Qatar’s failure is due largely to its stubborn stand of not recognising migrant workers as critical players in national building, deserving of equal status. It is also in part due to weak implementation of existing regulations, and a stranglehold over any form of independent rights-based social work.
With growing criticism of Qatar’s treatment of migrant workers, the country has worked harder to portray workers as the temporary other, with official communication referring to them as either ‘guest’ or ‘transient’ workers, thereby framing the problems they face as also temporary, rather than one endemic to its labor market structure.
If you are stranded – wages unpaid, passport confiscated, undocumented because the employer has not processed your work visa – the best case scenario would be your immediate repatriation, with only some of your wages paid.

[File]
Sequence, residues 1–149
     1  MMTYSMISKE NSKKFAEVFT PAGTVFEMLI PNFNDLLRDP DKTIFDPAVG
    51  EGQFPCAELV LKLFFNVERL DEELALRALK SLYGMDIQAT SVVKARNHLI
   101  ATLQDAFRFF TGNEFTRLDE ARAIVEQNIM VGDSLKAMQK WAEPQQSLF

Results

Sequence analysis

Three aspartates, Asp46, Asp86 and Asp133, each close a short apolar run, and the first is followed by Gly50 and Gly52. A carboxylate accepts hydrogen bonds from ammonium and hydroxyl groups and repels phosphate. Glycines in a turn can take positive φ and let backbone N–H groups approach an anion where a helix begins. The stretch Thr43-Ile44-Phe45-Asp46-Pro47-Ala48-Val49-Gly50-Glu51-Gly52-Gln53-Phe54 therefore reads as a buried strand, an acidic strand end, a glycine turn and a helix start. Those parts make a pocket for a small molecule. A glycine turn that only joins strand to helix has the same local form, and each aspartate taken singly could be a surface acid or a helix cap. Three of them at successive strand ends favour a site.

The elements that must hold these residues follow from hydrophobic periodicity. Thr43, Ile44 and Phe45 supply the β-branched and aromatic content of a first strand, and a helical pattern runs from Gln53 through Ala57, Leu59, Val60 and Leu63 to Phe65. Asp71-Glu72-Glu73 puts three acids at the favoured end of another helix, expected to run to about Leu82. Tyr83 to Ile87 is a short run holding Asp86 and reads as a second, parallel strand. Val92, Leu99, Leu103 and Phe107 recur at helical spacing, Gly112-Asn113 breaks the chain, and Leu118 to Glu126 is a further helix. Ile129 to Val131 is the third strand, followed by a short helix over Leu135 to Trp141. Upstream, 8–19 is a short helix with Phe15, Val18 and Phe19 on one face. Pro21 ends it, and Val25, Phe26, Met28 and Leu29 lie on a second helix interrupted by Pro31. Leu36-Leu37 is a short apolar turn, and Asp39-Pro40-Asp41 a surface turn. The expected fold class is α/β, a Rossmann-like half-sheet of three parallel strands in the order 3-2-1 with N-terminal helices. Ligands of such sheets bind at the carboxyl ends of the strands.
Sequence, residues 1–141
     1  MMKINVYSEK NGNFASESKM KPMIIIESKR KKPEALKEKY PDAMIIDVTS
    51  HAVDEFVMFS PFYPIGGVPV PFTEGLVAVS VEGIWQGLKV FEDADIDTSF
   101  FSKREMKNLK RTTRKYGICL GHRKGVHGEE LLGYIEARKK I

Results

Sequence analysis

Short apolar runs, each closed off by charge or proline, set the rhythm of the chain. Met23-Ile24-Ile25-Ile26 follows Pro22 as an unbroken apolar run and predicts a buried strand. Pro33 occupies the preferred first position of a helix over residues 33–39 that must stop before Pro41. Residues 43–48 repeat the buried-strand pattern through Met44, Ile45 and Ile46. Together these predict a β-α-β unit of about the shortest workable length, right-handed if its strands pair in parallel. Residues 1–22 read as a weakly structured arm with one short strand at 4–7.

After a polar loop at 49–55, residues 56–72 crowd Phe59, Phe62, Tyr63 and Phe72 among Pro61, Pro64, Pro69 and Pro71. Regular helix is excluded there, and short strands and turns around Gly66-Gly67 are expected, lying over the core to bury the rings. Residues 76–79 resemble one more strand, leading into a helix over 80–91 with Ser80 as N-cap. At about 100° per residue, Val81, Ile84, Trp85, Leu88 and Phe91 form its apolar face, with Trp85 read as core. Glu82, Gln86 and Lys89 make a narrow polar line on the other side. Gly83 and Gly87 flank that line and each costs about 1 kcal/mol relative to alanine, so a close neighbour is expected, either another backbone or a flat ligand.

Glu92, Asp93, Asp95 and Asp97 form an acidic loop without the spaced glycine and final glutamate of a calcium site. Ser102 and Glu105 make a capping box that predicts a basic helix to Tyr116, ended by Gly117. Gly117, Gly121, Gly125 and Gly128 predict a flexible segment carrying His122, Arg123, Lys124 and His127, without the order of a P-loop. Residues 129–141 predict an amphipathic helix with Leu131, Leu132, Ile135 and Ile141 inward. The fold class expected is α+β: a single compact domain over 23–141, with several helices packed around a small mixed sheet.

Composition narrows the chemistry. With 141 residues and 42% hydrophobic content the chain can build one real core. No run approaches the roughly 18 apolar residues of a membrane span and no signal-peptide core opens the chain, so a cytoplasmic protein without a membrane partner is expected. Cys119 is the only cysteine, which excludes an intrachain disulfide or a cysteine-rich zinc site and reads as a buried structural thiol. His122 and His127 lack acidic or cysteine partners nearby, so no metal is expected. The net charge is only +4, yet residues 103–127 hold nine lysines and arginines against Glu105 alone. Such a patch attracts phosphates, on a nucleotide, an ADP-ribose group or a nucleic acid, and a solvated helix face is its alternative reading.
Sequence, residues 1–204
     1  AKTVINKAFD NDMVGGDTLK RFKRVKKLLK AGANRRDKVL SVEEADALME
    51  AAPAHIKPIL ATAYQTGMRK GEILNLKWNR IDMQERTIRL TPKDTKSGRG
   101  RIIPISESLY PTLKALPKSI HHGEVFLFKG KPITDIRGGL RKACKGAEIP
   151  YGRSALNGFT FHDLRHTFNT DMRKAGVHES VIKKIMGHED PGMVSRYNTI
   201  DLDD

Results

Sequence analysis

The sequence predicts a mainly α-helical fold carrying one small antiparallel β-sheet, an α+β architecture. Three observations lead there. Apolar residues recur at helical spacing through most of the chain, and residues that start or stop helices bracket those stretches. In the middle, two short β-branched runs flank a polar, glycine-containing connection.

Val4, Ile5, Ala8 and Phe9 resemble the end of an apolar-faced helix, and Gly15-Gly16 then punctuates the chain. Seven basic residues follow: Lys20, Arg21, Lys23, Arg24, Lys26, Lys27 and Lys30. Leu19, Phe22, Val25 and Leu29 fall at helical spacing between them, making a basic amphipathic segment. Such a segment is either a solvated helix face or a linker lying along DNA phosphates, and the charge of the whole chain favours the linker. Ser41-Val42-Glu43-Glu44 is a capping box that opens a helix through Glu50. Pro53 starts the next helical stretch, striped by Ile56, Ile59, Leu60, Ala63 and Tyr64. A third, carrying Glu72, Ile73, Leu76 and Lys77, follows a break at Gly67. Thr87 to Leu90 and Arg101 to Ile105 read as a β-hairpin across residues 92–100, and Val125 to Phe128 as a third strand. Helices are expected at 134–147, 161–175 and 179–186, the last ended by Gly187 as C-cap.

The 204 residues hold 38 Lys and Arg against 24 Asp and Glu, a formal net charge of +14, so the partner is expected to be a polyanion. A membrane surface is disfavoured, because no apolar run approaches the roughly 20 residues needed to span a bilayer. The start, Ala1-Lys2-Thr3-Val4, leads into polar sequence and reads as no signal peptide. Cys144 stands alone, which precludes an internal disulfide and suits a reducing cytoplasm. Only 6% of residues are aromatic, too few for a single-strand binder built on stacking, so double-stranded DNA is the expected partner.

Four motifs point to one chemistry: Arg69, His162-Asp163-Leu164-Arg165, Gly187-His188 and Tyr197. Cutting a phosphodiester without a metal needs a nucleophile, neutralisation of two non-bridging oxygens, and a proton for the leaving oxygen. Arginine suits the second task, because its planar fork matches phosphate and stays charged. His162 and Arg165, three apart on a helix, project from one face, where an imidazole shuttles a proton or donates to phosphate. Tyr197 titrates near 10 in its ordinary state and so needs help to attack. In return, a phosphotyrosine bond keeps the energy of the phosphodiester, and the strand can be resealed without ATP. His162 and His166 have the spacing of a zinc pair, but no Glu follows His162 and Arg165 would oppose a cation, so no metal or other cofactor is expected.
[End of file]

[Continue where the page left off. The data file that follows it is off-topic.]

Fortunately, most of you reading this, are not lower income migrant workers, scraping the bottom of the barrel of Qatar woeful migrant ‘policing’ policies. The Ministry of Interior both governs and polices migrants, while the onus of proving employer malpractice is on the worker himself. Until you offer this evidence, you will be held guilty of ‘absconding’ or ‘running away’ if you’ve left an abusive employment situation, or accused of attempting to unionise if you refuse to continue working (strike) without pay or better terms.
Once a worker has left the place of employment, the employer washes their hands off all commitment towards him/her.
It would be a very lucky worker indeed who manages to recover unpaid wages, receive end of service benefits, an air ticket and exit visa. Most will be clueless and run from pillar to post, trying to make sense of a system that often doesn’t make sense to its key stakeholders itself.
A stranded worker’s education is by his peers. A roommate’s friend who has had experience filing complaints, or a colleague whose brother had some success getting an exit permit. There is no other information available to them.